Inflation Soars out of Control in Putin’s Russia


Two months ago we reported on Russian inflation, and showed that over the past year the country’s rate of price increase had doubled, in horrifying fashion.  Since then, as the chart above shows, things have gotten even worse.

Russia’s consumer price inflation rate stood at 7.4% for May 2013, well above economists’ predictions and well above the Russian Central Bank’s outside target range. Food inflation was a truly terrifying 9.2% for the month (Russians spend almost half their income on food, compared to ten percent in the USA), and Russian inflation stood at the highest rate it has reached in nearly two years.

Over the past three months, prices have soared 0.2 points per month. And the worst news of all is that while inflation has been rising, economic growth has been dramatically slowing.  In the first quarter of this 2013, year-on growth was wel below 2%.  With demand falling in this way, prices should not be rising, they should be falling.  That they are rising shows an extremely critical fault in the basic foundations of the Russian economy.

It’s now perfectly clear that we were right two months ago in believing that inflation is out of control. The Putin regime is experiencing a meltdown in its primary directive, boosting the economy, the main basis of Putin’s claim to legitimacy.  Economic growth is faltering, prices are soaring, and there is no sign that Putin can do anything about it. To the contrary, in a disturbing sign of Russia’s descent into neo-Soviet darkness, Putin has just driven Russia’s leading economist, Sergei Guriev, the Russian Paul Krugman, into exile, apparently to silence his persistent criticism of the regime.

The are dark days ahead for Putin’s Russia.

Bleak Despair for the Russian Economy


In a stunning concession, the state-sponsored propaganda outlet Russia Today has reported that Renaissance Capital, the leading Russian broker of equities, has predicted that Russia could enter a recession in 2013.

The reason for this gloomy outlook is clear: Russia’s growth rate has plummeted from 4.3% in 2011 to 3.4% in 2012 to a projected 2.5% this year; but the latter figure is being handed out by the Russian government itself, and is clearly self-serving.  Renaissance Capital doesn’t find it convincing, and believes that Russia could slip into negative territory before the year is out.

That’s because Russian growth in the first quarter of this year was just 1.4% and this fell to a mere 1% in the second quarter. If this pattern continues through the end of the year, Russia will be flirting with or in recession.

A second stunning admission came from another state-sponsored propaganda outlet, Russia Beyond the Headlines.  It reported:  “Energy prices were the only reason why Russia avoided a recession trough. Despite all the promises, or, to use the government’s rhetoric, ‘strategic plans’ to reduce oil sales proceeds to 5.6 percent of GDP, its share is still at least double that.”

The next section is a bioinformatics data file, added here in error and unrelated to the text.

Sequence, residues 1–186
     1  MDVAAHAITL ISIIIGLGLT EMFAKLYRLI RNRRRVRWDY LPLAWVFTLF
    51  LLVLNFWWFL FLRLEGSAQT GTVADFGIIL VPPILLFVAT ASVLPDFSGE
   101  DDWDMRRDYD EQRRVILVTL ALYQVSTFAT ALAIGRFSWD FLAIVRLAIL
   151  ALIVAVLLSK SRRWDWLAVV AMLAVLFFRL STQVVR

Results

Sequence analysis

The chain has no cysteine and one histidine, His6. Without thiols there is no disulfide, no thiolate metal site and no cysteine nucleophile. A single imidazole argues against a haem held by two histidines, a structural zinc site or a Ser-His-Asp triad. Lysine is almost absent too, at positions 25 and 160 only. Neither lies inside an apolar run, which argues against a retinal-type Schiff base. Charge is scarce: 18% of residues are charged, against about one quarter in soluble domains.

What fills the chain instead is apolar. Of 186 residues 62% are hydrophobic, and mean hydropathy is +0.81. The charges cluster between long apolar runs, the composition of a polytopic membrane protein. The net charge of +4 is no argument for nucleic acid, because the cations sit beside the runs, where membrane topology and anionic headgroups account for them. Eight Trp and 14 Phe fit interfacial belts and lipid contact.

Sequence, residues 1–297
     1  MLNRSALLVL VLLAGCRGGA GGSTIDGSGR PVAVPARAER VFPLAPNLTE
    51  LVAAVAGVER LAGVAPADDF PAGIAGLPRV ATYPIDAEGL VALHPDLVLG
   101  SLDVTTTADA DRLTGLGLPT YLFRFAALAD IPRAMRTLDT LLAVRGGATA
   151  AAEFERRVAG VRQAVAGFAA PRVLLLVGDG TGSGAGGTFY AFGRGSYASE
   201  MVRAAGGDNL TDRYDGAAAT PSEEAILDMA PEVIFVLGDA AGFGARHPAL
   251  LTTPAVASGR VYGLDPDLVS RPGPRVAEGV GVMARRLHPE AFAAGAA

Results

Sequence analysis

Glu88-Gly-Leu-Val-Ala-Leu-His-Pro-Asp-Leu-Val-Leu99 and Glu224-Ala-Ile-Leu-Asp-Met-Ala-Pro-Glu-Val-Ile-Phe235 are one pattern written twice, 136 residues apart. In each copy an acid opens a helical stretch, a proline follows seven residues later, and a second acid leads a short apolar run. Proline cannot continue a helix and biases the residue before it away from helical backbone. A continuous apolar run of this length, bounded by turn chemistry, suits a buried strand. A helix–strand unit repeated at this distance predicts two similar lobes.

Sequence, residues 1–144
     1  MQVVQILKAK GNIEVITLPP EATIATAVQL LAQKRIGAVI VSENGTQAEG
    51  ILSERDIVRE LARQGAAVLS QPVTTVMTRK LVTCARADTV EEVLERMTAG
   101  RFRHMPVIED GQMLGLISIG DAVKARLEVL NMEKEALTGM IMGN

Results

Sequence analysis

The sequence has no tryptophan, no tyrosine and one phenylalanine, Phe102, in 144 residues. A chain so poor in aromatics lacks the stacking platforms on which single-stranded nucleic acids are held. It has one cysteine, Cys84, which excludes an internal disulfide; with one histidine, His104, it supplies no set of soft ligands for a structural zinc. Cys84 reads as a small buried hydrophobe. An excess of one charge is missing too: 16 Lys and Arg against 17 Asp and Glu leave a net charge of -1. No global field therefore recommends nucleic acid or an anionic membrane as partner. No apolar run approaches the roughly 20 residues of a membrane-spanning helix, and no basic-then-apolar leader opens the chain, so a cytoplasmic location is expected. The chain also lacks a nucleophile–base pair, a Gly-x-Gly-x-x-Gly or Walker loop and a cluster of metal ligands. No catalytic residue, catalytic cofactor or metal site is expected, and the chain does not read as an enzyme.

And the Financial Times completes the picture, noting that even 4.3% growth is far below the level promised by the Kremlin, namely 5%.  So even according to its own data, in the best case scenario the Kremlin will be at a level of economic progress by the end of this that is half what it targeted. In the worst-case scenario, Russia will be mired in catastrophic recession.

And the only thing that will stop recession will be oil prices over which Russia has absolutely no control. That is, Russia’s economic fate is held in the hands of foreigners, not Russian hands.

And the reason for all this is simple:  Vladimir Putin.  Putin has totally failed to wean Russia off what Dmitri Rogozin has called the “needle” of fossil fuel dependence, and he has failed to generate significant growth in any other major sector of the economy. In fact, many areas are a major drag on Russian growth.

The dramatically straight black line shown in the graph above depicts the Russian GDP rate in freefall, descending at the constant rate of nearly 1 point per year. That’s a 20% loss in growth from 2011 to 2012 and a 25% loss from last year to this one.  Even under the government’s own projection, based on this trend next year would be even worse, with growth well under 2%, and recession would be inevitable, particularly if world oil prices decline. If the latter happened severely enough, Russia would instantly head into a major depression.

If not one but two Russian propaganda outlets are willing to admit things are this bad, do you dare imagine how bad they really are?